Exceptional Community Action Staff Member Award

The Exceptional Community Action Staff Member Award was established as a tribute to Richard Strand, former Executive Director of Southwest CAP and long-time member of the WISCAP Board, in recognition of a Community Action employee who has demonstrated the hard-work that embodies the spirit of Community Action. Jim was nominated by Nicole Harrison, Vice President of Human Development and Phong Vang, Hmong UPLIFT Coordinator, of CAP Services. He won this award for his work with the Hmong community in Portage County over the last 40 years. To read more about Jim’s outstanding efforts and achievements, read his nomination below.

Self-Sufficiency Award

The Self-Sufficiency Award recognizes an individual who, with the aid of their local Community Action Agency, has overcome poverty and achieved self-sufficiency. Arletta Re’nea Allen was the recipient of this award and she was nominated by Lu Scheer, Affordable Housing Director, and Kathy Doyle, Director of Business Development of ADVOCAP. Arletta has been a client in multiple programs at ADVOCAP throughout the last 18 years. ADVOCAP assisted in Arletta’s journey from homelessness to homeownership, and in developing her small business. To read Arletta’s moving story, read her nomination below.

WISCAP President’s Award

The WISCAP’s President’s Award is given at the WISCAP Board President’s discretion to acknowledge an exceptional person or group for their contributions to the work of community action. This year, WISCAP Board President, Wally Orzechowski, appointed Chuck Spargo as the recipient. Chuck was a board member for the Foundation for Rural Housing for 16 years. In that time he assisted FRH in everything from raising unrestricted dollars to working the phones during a change in leadership. To read more about Chuck’s efforts and his embodiment of the mission of community action, see his story below.

William Steiger Human Services Award

The William Steiger Human Services Award is given in recognition of a legislator (Republican) for outstanding support of Community Action and low-income families. This year’s recipient was Representative Mike Rohrkaste, nominated by Mike Bonertz, Executive Director of ADVOCAP.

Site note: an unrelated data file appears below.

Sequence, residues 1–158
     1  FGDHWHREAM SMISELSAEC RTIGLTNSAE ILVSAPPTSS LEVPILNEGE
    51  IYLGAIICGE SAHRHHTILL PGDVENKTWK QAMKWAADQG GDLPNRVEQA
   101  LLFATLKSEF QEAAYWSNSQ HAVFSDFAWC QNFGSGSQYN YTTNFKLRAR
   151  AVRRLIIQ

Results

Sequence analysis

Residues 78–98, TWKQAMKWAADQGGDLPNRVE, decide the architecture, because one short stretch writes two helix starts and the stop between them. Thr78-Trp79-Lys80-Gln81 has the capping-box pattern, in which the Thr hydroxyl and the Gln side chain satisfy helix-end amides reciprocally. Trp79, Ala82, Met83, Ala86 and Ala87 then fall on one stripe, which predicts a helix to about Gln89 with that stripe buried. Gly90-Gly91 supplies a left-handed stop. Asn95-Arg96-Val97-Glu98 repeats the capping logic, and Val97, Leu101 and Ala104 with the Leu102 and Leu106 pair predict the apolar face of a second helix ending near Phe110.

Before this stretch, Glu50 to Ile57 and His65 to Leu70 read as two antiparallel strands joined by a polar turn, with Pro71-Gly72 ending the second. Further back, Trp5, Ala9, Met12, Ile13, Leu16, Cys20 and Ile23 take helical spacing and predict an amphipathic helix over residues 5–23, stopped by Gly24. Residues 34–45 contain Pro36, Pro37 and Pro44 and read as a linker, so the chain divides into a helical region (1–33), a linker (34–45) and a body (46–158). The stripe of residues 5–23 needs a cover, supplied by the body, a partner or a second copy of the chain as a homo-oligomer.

State Representative Mike Rohrkaste (R-Neenah) has emerged as a leading voice in the state’s workforce development initiatives. He has taken the lead on efforts to secure greater support for the Community Action Skills Enhancement Program and authored legislation aimed at assisting businesses in developing internship program and “upskilling” or “micro-credentialing” training. He has also proven to be an important voice in the bi-partisan effort to fight homelessness in Wisconsin, co-sponsoring and promoting a series of eight bills known as “A Hand for the Homeless” initiative.

Representative Rohrkaste is currently in his third term as Representative of the 55th Assembly District. In his first term, he was Chair of the Speaker’s Task Force on Alzheimer’s and Dementia, as well as Vice Chair of the Assembly Committee on Health. He worked on several healthcare-related bills, including the 10-bill Alzheimer’s and Dementia package that passed the State Assembly. Beginning in his second term, he has served on the Legislature’s Joint Finance Committee, which works on the state’s biennial budget and reviews other appropriations requests, including the funding of Skills Enhancement and other programs critical to the work of Community Action Agencies.

Gaylord Nelson Human Services Award

The Gaylord Nelson Human Services Award recognizes a legislator (Democrat) for outstanding support of Community Action and low-income families. This year’s recipient is Senator LaTonya Johnson, who was nominated by George Hinton, CEO Of Social Development Commission.

As a child care provider, a member of the State Assembly, and current State Senator, LaTonya Johnson has demonstrated a strong commitment to the fight against poverty in Wisconsin. Representing the 6th District, which includes WISCAP member agency, the Social Development Commission, Senator Johnson is a forceful advocate for workers and working families, having served as Executive Board member for AFSCME District Council 48, President of AFSCME Local 502, and Chair of AFSCME’s Women Committee.

As a member of the Joint Committee on Finance, the Senate Committee on Education, and the Senate Committee on Public Benefits, Senator Johnson has championed the issues of paid sick leave and child care, and has worked with WISCAP to develop soon-to-be-introduced comprehensive anti-poverty legislation, the Wisconsin Opportunity Act.